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Asian carp have been making their way up the Mississippi River system for years after escaping from fish farms and wastewater treatment ponds in the southern U.S.They’re knocking on the door of the Great Lakes, and a number of people are concerned about what could happen if carp become established in the region.In this five-part series, we’ll take a look at what officials are trying to do to keep the fish out, what might happen if carp get in, and why some people want to turn carp into a business opportunity.

Congress bans an Asian carp that is already here

Current distribution of the Bighead Carp
USGS
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They're banned, but they're already here. Current distribution of the Bighead Carp in the U.S.

Update December 3rd 5:13 pm:

Marc Gaden of the Great Lakes Fishery Commission says "as far as I know, no one thinks there are any Asian Carp in Lake Erie." He says Lake Erie is colored red in the USGS map above because two Bighead carp were found in commercial fishman's nets several years ago. They colored the entire Lake red based on these two incidents.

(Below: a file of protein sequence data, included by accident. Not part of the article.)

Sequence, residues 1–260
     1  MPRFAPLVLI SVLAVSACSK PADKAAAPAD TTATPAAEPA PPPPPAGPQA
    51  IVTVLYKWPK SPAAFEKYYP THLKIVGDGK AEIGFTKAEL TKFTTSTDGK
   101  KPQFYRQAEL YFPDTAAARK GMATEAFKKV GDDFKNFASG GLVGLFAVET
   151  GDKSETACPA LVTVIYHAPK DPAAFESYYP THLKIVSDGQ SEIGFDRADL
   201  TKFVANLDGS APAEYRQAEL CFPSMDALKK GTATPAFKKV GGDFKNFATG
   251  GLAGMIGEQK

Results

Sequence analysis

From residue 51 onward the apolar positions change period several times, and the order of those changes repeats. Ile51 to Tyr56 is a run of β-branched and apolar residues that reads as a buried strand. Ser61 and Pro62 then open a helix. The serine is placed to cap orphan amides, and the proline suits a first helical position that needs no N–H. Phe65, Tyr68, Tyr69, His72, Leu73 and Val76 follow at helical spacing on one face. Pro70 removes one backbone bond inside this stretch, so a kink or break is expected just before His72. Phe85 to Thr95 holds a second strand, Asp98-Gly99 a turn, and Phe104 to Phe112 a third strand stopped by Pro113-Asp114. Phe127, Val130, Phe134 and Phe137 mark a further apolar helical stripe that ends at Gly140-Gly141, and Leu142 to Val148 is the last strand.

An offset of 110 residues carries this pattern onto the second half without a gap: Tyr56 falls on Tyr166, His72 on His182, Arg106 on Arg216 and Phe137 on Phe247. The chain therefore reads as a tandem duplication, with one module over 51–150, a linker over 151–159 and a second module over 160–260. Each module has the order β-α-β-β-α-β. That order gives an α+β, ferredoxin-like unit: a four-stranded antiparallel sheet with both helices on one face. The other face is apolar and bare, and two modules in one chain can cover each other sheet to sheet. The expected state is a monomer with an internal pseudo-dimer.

December 1st 5:27 pm:

Congress passed a law the bans the importation of the Bighead carp. It's one of four species of Asian carp that have invaded America's big rivers. The carp are now threatening to invade America's Great Lakes (if they haven't already). One Bighead carp specimen was found beyond an electric barrier designed to protect the Great Lakes from the invasive fish. The USGS map above shows at least a report of Bighead carp in Lake Erie. We'll follow up on that.

Michigan Senator Carl Levin introduced the legislation in the Senate in 2009. It passed and moved on to the House, which passed it today.

In a statement, Levin said,

“The U.S. Congress took an important step today in the effort to keep Asian carp out of the Great Lakes. These fish pose a real, clear and growing threat to the Great Lakes and I will continue working with my colleagues to ensure tools like the Asian Carp Prevention and Control Act and others will be available as we counter this threat. The devastating effects Asian carp could have on the Great Lakes are not fully known, and I want to make sure they are never realized.”

So the law bans the importation of the fish, but it's unclear how that helps today. The map above shows where the Bighead carp is found. And if you notice, the USGS has Lake Erie colored red with this note as to where the fish was found "Lake Erie, Ohio, off Cedar Point (T. Cavender, personal communication)."

Mark Brush was Michigan Radio’s Digital Media Director. He succumbed to a year-long battle with glioblastoma, an aggressive brain cancer, in March 2018. He was 49 years old.
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